Little Bubble Boy Bush
Thanksgiving Talk to “Invitation-Only” Guests at Berkeley Plantation
In his first six years in office, the president has made little mention of Thanksgiving, beyond the ceremonial turkey pardons, but yesterday Bush traveled to Charles City, Virginia, for his first speech devoted specifically to the holiday. “[O]ur nation’s greatest strength is the decency and compassion of our people,” he said. “As we count our many blessings, I encourage all Americans to show their thanks by giving back.”
The New York Times reported that this was part of a White House initiative “to show a more contemplative side of Mr. Bush.” The Times added that yesterday’s message stood in contrast to the “go shopping” message in the aftermath of 9/11. Now, Bush asked Americans to consider the “many ways to spread hope this holiday: volunteer in a shelter, mentor a child, help an elderly neighbor, say thanks to one who wears the nation’s uniform.”
The problem, in this case, wasn’t with the president’s inoffensive message, but rather with his audience. You might think that a presidential speech on Thanksgiving would be open to all comers. But no, even when President Bush is talking about something as uncontroversial and inclusive as the essential goodness of our country, he wants his audience pre-screened for obsequiousness. In the event carefully calibrated to emphasize his compassionate side, as usual he wasn’t talking to all Americans. At least not in person. Admission to the event was tightly controlled by White House and Republican party officials.
Tyler Whitley and Mark Bowes wrote in the Richmond Times-Dispatch: “President Bush found something to be thankful for yesterday — a friendly, invitation-only Virginia audience. . . . ” “We love you!” one woman yelled as Bush prepared to deliver a 16-minute Thanksgiving message to a standing-room-only crowd of about 800 people standing at Berkeley under a tent facing the James River. Yes, it appears Bush can’t even wish Americans a happy Thanksgiving without the comfort of his ever-present Bubble.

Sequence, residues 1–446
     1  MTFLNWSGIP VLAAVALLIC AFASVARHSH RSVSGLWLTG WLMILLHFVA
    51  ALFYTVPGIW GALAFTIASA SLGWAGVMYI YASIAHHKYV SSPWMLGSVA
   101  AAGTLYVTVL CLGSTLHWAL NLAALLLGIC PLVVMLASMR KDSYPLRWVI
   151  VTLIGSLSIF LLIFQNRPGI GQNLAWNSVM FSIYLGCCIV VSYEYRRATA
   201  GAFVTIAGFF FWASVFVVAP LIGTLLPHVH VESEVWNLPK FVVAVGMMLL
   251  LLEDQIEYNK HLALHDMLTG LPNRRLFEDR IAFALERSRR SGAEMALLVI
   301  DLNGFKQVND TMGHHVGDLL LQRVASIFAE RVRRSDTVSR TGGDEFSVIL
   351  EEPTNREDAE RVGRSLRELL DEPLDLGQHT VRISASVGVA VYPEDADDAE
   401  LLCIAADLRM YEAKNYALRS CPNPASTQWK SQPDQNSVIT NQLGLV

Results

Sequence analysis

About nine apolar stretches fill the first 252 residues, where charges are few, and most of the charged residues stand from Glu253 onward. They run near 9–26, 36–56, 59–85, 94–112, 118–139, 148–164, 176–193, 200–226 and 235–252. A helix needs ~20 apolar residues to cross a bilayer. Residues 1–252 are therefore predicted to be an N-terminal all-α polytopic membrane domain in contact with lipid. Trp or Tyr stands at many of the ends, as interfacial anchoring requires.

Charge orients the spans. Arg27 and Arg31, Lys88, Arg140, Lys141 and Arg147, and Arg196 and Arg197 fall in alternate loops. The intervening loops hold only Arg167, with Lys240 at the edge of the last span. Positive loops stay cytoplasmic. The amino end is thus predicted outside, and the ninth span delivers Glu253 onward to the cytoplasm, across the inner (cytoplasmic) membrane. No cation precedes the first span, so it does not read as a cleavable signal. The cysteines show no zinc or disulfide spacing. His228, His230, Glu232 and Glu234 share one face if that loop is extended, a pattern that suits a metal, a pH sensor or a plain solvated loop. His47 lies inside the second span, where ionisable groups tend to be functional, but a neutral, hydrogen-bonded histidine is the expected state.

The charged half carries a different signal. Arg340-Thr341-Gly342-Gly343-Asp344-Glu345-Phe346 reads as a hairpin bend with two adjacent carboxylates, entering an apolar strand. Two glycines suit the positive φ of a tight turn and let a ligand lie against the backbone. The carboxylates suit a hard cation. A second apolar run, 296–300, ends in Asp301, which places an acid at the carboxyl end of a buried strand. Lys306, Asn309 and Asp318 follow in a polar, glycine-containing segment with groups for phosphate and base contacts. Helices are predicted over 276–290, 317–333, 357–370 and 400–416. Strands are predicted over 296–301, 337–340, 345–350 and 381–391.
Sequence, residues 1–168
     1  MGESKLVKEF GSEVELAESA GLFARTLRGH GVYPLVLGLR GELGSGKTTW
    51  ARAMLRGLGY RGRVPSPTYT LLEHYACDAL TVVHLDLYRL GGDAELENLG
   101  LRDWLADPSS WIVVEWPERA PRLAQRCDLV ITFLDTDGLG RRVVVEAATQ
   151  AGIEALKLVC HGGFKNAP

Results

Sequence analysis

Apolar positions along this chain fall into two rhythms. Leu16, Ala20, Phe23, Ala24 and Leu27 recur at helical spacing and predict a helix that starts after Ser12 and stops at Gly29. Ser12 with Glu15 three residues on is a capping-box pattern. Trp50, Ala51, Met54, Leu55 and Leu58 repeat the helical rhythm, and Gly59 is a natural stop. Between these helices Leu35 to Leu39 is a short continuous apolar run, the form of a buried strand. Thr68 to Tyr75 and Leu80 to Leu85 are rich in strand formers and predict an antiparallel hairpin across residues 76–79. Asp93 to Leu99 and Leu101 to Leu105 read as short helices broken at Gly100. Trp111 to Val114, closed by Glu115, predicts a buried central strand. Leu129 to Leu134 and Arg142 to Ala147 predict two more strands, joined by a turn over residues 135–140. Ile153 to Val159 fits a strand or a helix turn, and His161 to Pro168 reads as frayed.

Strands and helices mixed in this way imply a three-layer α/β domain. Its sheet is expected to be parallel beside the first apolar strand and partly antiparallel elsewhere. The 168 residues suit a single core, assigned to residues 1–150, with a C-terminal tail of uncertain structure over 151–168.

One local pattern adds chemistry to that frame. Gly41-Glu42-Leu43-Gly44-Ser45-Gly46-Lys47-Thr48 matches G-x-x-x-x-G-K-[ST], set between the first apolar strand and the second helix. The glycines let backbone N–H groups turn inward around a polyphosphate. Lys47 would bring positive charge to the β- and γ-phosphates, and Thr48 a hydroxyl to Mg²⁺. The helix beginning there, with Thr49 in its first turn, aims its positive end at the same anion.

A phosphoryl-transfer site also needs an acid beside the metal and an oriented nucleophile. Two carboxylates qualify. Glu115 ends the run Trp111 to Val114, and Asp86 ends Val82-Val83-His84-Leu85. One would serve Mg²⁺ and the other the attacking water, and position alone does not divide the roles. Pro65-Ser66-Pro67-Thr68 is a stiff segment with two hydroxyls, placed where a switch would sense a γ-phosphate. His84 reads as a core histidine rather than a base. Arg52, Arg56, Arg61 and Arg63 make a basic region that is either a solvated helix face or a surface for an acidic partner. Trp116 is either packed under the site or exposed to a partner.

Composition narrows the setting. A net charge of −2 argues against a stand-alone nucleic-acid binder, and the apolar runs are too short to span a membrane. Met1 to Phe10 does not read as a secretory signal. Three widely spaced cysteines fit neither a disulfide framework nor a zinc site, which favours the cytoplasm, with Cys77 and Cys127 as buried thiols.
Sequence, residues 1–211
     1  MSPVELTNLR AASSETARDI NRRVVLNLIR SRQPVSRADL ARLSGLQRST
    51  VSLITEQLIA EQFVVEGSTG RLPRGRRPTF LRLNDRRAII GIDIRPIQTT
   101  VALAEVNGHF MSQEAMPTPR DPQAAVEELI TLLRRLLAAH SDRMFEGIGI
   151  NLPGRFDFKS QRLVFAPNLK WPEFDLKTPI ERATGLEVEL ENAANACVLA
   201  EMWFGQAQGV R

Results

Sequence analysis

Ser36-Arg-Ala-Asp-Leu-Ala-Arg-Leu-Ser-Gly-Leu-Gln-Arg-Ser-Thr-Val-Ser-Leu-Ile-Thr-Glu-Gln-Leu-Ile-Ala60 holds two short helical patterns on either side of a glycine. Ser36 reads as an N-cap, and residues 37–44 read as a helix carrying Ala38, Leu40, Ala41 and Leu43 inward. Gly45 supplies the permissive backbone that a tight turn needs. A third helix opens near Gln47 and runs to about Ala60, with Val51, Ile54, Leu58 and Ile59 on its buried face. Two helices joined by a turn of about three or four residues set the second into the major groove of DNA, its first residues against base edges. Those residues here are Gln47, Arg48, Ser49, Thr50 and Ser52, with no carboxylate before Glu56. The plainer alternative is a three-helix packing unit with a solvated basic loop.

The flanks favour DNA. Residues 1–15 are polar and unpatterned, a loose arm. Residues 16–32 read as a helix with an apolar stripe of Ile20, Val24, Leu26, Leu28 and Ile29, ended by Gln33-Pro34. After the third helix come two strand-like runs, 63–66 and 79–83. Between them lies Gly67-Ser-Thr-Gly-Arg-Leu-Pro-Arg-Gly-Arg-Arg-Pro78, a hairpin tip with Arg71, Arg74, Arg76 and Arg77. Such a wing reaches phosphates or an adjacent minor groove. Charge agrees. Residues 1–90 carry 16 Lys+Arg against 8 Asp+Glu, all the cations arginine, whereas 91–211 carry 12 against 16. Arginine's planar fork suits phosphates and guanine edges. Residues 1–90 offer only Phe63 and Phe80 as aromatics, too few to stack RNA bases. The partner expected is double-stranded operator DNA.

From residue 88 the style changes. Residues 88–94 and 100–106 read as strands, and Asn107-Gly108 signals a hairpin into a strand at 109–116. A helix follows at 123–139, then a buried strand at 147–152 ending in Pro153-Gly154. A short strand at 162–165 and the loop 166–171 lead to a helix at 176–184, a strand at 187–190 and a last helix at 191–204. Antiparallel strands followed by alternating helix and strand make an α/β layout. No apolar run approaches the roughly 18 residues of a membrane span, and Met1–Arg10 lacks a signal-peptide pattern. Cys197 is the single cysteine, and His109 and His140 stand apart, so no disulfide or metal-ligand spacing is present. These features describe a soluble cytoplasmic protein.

The tradition of presidents traveling the country — “seeing and being seen” — dates back to George Washington. Washington felt that public appearances were important for the president — and his appearances were indeed open to the public. . . . Washington was intent on establishing the precedent that the president was chosen to represent the whole country, not just his partisan supporters.
Certainly, in the past, presidential advance teams have on occasion taken steps to assure friendly audiences. It has not been uncommon for presidents to seek invitations to speak at friendly venues. But systematically screening audiences for an array of speaking tours . . . may be a new phenomenon, and one that the president should be asked to defend and justify in terms of his constitutional obligations. Well, we’re probably far too late to ask Bush to “defend and justify” this nonsense, but we can probably get started urging his would-be successors not to follow his ridiculous example.
On a related note, it’s probably worth mentioning that professors at Allegheny College in Pennsylvania have started a project called the Soapbox Alliance that seeks to “ban politicians from holding closed meetings restricted to supporters on all campuses in the nation.” It sounds like a very good idea that received a positive write-up in USA Today. Responding to the idea, Trent Duffy, Bush’s former deputy press secretary, said, “It’s a nice concept, but people tend to misbehave.” Well, here’s a radical idea in response to that: if audience members become disruptive from a presidential event, remove them (preferably without tazing them). If they heckle or refuse to allow the president to speak, escort the trouble-makers from the room.
The notion that some people might “misbehave,” and that this justifies seven years of shielding the president from being in the same room as Americans who disagree with him, is demonstrably ridiculous.
Bubble Boy Bush Gives Thanksgiving Speech
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